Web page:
The amount spent on wine by UK consumers does not necessarily increase with age, according to research into the market.

Speaking at the release of Wine Nation, a survey of UK wine consumers commissioned by Constellation Europe, the chief executive of Wine Intelligence noted that wine spend does not correlate with age in the country. "The older the customer is does not mean the higher the spend," said Lulie Halstead today (17 November). "We can't make these types of assumptions in the wine sector."

The research, following a survey of 3,000 regular consumers as well as the tracking of 200 consumers in-stores, broke down the 19m UK consumers who drink wine at least two-three times a week into seven defined groups.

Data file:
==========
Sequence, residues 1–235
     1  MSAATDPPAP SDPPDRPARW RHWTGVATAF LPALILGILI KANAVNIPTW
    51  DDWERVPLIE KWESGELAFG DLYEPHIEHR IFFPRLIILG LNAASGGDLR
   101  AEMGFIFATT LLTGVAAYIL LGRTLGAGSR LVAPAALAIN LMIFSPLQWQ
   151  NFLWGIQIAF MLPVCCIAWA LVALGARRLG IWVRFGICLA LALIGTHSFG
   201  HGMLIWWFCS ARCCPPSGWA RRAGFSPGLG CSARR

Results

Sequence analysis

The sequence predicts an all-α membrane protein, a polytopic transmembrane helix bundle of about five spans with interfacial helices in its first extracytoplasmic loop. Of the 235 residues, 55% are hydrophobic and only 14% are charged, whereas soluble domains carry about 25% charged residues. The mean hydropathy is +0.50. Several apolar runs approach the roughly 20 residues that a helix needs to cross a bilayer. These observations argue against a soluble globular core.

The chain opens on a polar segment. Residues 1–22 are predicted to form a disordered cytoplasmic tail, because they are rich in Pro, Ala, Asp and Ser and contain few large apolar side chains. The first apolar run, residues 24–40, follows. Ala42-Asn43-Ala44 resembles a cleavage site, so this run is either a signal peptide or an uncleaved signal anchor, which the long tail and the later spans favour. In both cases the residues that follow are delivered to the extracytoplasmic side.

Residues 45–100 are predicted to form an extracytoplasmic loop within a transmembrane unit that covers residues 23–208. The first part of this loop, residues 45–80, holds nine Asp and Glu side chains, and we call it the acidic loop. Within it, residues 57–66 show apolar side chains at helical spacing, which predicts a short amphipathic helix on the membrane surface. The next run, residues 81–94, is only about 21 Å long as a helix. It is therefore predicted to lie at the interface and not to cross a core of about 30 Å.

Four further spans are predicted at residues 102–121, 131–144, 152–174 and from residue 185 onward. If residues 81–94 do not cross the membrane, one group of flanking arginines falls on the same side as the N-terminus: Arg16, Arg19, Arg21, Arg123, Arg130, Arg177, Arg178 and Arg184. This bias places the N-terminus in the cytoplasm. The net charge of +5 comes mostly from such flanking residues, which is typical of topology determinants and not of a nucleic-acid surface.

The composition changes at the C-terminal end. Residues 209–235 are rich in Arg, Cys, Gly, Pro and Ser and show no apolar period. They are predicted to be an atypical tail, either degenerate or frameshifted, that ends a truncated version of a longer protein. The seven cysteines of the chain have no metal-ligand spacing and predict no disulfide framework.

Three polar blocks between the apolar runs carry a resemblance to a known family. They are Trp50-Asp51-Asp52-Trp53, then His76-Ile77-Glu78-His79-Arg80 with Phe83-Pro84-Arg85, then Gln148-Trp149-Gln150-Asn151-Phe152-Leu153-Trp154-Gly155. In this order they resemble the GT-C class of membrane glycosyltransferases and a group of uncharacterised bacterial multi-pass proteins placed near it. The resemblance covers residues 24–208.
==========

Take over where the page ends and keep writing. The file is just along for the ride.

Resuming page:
The groups - known as economisers, newbies, occasionals, routiners, high potentials, engaged explorers and experts - all factor value into their reasons for buying, the research found. Whereas average bottle spend among economisers is GBP3.21 (US$6.09), Halstead said, high potentials - a promising group for all wine makers to target going forward - tended to spend on average only GBP4.89 a bottle.

The research concluded that knowledge levels among UK consumers is generally low and that reducing the risk of making a wrong wine purchasing decision is still the number one need of 85% of consumers.